Who knows? We might have one of these buried in our closets.
For a generation of youths today, realising that many toys and collectables from our childhood are now considered vintage can be unbelievable.
The items on this list have sold upwards of a few thousand dollars on the Internet. While most are rare, limited-edition collectables, there is still a number that was once considered everyday sights. And who knows? One of them might be sitting in our long-neglected closets.
So take this list as motivation to do some spring cleaning. The unexpected extra cash will definitely be nice. But perhaps far more valuable are all the memories uncovered from the relics that once made up our entire world.
Rare trading cards were prized collectables back in their heyday and, for some of them, have only grown more sought-after today.
Owning the holographic Charizard or a copy of Blue Eyes White Dragon from Yu-Gi-Oh!, for example, made you the talk of the school. If you had both, you probably were the king of the world.
Not all trading card games are created equal though. Cards from then-popular games such as Duel Masters have decreased in value since.
This writer remembers saving up for weeks just to buy the rare Hercules Beetle card from the Mushinking game. The card, sadly, isn’t worth much today but he continues to hold onto hope that it may pay for his housing loans someday.
These cute stuffed toys were incredibly popular when they were first introduced in the 1990s. Soon after they were launched, thousands saw Beanie Babies as worthwhile investments as collectable rarities. Yet, by the late 2000s, the craze fizzled out and its value plummeted.
While the Beanie Babies craze has now mainly served as a cautionary tale on speculative financial investment, there are still a few that can fetch a neat sum. Nana the Monkey, for example, remains exceptionally rare due to a name change soon after its release. The toy was reportedly sold for $4,000.
Many of us born in the 1990s probably have a few childhood photos carrying these cuddly animals. Unbeknownst to us, we might have been holding a collectable gem that can now be flipped for a neat sum.
Way before the Marvel Cinematic Universe was on the minds of every child, Harry Potter captured the imagination of an entire generation with its fantastical world and unforgettable characters. The Harry Potter books also achieved the impossible by making children look forward to the otherwise dreaded mandatory reading time in primary school.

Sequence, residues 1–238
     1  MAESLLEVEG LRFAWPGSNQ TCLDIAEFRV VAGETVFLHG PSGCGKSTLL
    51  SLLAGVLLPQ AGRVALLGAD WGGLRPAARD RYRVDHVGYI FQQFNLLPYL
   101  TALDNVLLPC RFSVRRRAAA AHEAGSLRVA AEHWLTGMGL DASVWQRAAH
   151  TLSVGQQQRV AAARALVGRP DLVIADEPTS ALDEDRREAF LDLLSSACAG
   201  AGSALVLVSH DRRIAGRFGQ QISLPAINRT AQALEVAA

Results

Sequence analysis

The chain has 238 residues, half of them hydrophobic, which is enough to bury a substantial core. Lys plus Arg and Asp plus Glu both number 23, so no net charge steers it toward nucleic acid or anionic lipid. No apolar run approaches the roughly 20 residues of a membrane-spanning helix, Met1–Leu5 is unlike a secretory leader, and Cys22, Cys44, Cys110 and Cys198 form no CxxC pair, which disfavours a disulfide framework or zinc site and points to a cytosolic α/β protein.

With adults still looking forward to receiving their long-delayed invitation to Hogwarts, it’s unsurprising to see Harry Potter collectables, such as the first edition copies of its books, fetch tens of thousands. A first edition copy of Harry Potter and the Philosopher’s Stone was auctioned for $34,500.
With new ones released every few years, it’s far too common for old consoles and games to be discarded or left collecting dust in a drawer. However, some of these have proven to age very much like wine, especially if production for them have discontinued. The price of a new Gameboy Advance SP, for example, still costs as much as — if not more — than when it was first released. The Charizard Limited Edition version is now sold for upwards of a thousand dollars (everyone just loves that Pokemon).
On a similar note, gaming peripherals, namely from the Guitar Hero and Rock Band series, are also still exceptionally valuable. Anyone fortunate enough to own the games’ guitars or drum sets knows how much of a pain they are to keep; they take up far too much space. If you happen to still own one, they might be worth a few hundred even with the newer releases.
Perhaps anyone who grew up during the iPod’s heyday can attest to just how amazing music streaming is. Way before Spotify and YouTube, it was necessary to build a library of music just to hear them. Phones had music players and storage space. But it seemed that nothing was as cool as walking around with the iconic iPod.
With the recent news that Apple will be discontinuing the iPod line, people have been trying their luck to cash in on the nostalgia by listing their iPods for thousands of dollars. While it’s too early for any indication of iPods becoming rare collectables in the future to emerge with the news, the popularity of old ways of listening to music, such as vinyl and cassettes, and with every other example in this so far may make it worthwhile to dig out your old iPods.
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